This blog has recently gained many new readers. Because of that, I thought it might be worth sharing a “A Look Back” where I periodically share my favorite from the past twelve years. You can also see all of my choices for “Best” posts here.
This post appeared earlier this year.
I’ve previously shared posts about specific writing units I do with ELLs (and non-ELLs) that have shared detailed instructions and student-handouts:
* On writing about a growth mindset (see Student Written Growth Mindset Stories)
* On students writing about their immigration journeys and sharing them with non-immigrant students (see A Look Back: “What ELLs Taught Our School In A Week-Long Empathy Project”).
*On students writing bout their home cultures (see HOME CULTURE PROJECT – WITH NEW EXAMPLES & STUDENT HANDOUTS!).
Of course, I’ve also shared many other resources about writing specific types of essays and other genres. You can see them all here.
Today, I thought I’d share a very simple lesson I’ll be doing in my Long-Term ELL Support class next week (by the way, we should have preliminary data on its success or lack of success next month – assuming that we’re not out on strike).
Their Ethnic Studies class will soon be looking at folktales from the Native American communities from our area. To support those lessons, after first discussing the definition of a folktale, we’ll read a simple Native American folktale and they will write a one-sentence summary for each of its paragraphs.
Next, they’ll find a folktale from their own cultural tradition and do the same process (ending up with about ten sentences or so). They can search online or go directly to A Beginning List Of The Best Folklore & Myth Sites to find one (if you scroll towards the bottom, you can find them divided by cultural tradition).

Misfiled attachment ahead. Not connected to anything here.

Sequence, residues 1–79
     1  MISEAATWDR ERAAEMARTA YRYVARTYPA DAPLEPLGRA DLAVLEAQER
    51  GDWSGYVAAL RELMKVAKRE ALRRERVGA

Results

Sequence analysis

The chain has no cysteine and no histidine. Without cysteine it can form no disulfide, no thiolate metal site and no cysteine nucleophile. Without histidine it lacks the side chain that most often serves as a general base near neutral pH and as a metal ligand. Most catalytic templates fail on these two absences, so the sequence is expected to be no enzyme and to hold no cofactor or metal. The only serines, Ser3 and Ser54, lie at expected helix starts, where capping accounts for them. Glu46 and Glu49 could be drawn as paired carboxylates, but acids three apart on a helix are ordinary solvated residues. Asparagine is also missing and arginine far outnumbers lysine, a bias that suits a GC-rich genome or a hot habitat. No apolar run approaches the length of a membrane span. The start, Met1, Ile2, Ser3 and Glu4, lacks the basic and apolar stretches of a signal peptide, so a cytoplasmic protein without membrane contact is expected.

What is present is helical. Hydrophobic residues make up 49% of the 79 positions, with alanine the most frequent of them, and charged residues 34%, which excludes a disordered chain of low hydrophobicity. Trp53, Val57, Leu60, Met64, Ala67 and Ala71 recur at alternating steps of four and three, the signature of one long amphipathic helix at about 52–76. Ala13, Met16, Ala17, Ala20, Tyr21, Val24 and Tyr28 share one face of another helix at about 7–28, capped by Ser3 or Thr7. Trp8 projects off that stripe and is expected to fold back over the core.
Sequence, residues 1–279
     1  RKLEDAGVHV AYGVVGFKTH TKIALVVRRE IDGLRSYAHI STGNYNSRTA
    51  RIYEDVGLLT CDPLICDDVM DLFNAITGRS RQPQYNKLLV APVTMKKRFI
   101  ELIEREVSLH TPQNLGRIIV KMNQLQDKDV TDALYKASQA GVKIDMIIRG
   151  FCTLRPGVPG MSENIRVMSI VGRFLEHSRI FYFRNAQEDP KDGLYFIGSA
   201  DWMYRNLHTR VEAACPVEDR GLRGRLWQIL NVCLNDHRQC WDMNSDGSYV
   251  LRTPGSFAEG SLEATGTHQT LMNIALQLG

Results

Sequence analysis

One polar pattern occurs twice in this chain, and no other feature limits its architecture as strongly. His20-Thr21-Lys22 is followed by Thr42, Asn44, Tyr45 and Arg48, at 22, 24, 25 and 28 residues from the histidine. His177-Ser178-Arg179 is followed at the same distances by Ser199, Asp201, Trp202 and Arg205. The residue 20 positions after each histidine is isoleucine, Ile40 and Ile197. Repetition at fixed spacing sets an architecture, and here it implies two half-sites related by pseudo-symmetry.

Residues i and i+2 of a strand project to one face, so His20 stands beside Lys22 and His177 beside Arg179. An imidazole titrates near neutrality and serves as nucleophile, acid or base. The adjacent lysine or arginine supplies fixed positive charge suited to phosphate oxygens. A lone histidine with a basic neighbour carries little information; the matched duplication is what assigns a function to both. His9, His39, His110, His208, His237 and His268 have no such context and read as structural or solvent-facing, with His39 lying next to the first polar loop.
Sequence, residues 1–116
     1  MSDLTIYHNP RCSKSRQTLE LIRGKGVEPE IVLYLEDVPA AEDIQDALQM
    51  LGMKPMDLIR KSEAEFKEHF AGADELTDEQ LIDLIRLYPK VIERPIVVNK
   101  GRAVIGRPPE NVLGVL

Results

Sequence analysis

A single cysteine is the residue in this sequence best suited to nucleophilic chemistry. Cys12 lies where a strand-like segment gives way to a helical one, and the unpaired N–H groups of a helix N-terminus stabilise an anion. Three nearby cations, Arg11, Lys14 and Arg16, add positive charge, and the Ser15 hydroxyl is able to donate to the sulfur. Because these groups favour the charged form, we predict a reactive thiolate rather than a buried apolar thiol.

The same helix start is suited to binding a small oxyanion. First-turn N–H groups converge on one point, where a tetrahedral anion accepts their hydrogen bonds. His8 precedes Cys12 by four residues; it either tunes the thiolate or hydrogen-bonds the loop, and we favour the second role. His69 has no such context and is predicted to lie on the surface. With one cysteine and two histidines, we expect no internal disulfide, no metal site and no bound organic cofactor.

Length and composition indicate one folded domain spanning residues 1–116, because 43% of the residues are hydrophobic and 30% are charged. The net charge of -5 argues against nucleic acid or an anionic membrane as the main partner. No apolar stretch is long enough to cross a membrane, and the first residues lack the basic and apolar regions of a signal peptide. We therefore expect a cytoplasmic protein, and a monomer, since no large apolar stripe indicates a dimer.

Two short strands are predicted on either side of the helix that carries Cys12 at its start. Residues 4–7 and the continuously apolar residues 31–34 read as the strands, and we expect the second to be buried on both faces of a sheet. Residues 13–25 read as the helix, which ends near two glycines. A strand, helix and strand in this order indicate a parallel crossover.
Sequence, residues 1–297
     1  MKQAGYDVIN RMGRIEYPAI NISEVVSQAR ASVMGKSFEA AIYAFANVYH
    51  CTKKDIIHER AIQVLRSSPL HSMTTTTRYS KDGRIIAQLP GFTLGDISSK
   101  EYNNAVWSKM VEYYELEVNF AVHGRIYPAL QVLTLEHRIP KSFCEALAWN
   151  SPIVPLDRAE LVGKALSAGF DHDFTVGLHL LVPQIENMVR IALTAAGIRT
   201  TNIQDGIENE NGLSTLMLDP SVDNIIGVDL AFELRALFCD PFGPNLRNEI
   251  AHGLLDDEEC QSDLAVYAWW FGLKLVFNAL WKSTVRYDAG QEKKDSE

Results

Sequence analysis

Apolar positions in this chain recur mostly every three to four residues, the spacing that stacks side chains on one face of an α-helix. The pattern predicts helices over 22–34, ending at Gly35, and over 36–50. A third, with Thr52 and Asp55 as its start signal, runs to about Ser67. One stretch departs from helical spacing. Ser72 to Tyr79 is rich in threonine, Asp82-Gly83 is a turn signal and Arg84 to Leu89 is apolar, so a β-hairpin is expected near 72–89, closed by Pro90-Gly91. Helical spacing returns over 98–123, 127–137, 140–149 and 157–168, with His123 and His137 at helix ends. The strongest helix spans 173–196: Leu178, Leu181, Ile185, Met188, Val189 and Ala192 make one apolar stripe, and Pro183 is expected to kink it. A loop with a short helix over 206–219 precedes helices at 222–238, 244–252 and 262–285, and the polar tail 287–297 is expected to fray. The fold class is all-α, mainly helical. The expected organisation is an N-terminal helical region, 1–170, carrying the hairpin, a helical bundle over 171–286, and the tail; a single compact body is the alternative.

After those are complete and shown to the class, it will be time for them to write their own!
ArtsEdge at the Kennedy Center has a nice “Writing Folktales” lesson, including several handouts. I won’t use them all, but will introduce the handouts in this sequence:
The second page of this handout, called Outline For Writing A Story.
Then, I’ll give them a couple of graphic organizers to choose from (if they want to use them to plan their folktale):
Depending on how long all this takes, students will either use Adobe Spark to turn their folktales into videos or make them into paper “books” to share physically and verbally with their classmates.
As usual, this plan will be modified based on what happens in class, and I’m very open to hearing from readers about how to make it better (this blog post is not meant to imply that I’ve put an enormous amount of thought into it!). I’ll share the end results, including student videos (included with permission).
Addendum: Check out Video: Student Folktale.